Symbols of Faith
The requirements of the second commandment and its strict interpretation by Jews: –
You shall not make for yourself a sculptured image, or any likeness of what is in the heavens above, or on the earth below, or in the waters under the earth. You shall not bow down to them or serve them (Exodus 20:4-5a).
– means that much Jewish symbolism tends to be abstract in nature.
The key symbols of Judaism:
– The Magen David (Shield or Star of David). The oldest example of this dates from the seventh century BCE. In the synagogue at Capernaum the hexagram is next to a pentagram and a swastika so it appears to be simply a form of decoration. By the 6th century CE it was called the ‘Seal of Solomon’. – In 1354 Charles IV allowed the Jewish community in Prague to have its own flag with the symbol on it and this became known as ‘King David’s flag’. – The Magen David is on the flag of Israel but the symbol of the country is the Menorah: a menorah is a seven-branched candlestick representing the one which stood in the Temple.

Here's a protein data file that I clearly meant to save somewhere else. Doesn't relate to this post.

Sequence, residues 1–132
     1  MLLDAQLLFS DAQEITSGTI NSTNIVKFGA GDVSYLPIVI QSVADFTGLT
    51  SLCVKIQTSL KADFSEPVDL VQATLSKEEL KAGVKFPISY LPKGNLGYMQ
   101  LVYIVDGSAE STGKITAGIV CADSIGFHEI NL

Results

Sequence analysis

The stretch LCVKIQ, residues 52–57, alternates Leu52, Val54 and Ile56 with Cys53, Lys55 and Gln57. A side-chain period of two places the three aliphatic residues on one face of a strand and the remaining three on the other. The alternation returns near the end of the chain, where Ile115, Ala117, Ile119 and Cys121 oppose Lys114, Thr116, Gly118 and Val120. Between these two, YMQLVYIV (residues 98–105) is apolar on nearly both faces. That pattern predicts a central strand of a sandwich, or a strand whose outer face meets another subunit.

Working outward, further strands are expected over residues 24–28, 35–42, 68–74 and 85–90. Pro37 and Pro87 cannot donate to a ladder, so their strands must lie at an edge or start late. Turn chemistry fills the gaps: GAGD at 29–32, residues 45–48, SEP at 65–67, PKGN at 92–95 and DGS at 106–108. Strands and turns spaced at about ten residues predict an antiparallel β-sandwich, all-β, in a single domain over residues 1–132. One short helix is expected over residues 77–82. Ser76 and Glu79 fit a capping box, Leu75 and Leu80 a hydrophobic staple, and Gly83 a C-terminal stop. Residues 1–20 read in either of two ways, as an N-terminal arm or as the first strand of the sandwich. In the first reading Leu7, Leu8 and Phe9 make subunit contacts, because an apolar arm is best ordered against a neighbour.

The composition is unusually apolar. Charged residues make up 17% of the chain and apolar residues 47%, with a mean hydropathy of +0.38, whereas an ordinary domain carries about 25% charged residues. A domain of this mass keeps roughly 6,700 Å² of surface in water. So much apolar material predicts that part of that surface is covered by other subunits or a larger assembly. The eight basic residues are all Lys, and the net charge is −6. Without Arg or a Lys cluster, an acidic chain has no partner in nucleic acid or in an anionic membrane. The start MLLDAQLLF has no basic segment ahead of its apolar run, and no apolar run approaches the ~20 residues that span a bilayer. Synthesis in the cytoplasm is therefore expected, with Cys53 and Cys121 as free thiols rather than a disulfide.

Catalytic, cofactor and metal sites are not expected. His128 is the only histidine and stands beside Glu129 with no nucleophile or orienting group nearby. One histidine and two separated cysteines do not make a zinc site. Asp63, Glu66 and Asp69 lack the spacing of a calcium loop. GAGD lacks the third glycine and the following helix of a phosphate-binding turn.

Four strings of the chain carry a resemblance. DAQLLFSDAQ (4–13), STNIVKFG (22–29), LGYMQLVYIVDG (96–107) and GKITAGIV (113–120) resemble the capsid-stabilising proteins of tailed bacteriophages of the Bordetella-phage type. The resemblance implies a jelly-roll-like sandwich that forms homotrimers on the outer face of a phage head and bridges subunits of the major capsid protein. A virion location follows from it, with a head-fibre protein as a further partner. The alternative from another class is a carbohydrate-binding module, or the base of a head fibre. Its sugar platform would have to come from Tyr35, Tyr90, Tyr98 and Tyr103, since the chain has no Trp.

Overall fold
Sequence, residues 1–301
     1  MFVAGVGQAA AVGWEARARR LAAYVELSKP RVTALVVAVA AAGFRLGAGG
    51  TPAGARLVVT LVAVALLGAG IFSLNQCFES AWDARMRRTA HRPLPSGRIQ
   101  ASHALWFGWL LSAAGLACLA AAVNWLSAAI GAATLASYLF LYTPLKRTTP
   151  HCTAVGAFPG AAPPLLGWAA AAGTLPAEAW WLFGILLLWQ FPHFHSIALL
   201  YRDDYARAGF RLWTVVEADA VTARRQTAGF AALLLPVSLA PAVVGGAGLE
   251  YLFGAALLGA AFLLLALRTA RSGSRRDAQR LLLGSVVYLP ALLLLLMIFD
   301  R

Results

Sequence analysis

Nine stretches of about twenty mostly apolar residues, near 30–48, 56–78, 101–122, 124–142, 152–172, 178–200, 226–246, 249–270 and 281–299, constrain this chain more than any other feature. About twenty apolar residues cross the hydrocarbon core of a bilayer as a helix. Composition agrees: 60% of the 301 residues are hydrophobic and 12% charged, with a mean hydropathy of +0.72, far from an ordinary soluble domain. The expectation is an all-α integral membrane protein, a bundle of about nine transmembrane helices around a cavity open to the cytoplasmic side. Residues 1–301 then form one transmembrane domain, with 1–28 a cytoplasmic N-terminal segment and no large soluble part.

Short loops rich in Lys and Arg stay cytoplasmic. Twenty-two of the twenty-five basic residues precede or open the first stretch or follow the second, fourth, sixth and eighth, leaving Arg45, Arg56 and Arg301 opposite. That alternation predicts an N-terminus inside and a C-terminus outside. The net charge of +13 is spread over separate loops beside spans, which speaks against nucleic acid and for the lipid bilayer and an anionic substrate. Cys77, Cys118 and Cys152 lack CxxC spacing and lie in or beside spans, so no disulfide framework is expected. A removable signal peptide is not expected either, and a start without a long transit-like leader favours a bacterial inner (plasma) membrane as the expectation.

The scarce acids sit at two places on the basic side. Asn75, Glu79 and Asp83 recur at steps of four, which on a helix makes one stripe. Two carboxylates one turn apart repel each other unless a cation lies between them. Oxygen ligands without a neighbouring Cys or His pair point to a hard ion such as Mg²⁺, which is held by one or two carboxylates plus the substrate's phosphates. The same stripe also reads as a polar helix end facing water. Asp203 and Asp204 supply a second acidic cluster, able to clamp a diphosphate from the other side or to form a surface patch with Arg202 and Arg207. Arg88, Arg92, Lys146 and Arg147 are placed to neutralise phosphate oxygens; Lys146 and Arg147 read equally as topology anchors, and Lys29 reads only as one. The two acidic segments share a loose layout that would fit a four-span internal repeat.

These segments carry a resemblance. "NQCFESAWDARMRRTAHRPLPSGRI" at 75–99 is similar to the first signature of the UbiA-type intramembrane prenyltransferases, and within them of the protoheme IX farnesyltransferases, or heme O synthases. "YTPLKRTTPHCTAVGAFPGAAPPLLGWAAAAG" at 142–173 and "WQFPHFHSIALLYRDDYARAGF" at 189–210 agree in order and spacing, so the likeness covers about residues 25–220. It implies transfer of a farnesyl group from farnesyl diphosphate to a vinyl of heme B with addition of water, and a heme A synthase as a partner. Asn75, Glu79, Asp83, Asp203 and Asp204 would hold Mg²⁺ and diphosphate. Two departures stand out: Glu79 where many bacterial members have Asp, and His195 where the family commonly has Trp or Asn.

You shall make a lampstand of pure gold; the lampstand shall be made of hammered work; its base and its shaft, its cups, calyxes, and petals shall be of one piece. Six branches shall issue from its sides; three branches from one side of the lampstand and three branches from the other side of the lampstand (Exodus 25:31-32).
– The Lions of Judah are often on the curtain in front of the ark:
Judah is a lion’s whelp;
On prey, my son, have you grown.
He crouches, lies down like a lion,
Like the king of beasts-who dare rouse him? (Genesis 49:9).
– There is also a crown (Keter Torah) – for the Torah is the crowning glory which G-d gave to the world.
These are the physical symbols of Judaism which express Jewish beliefs about G-d and the Torah as well as Jewish history.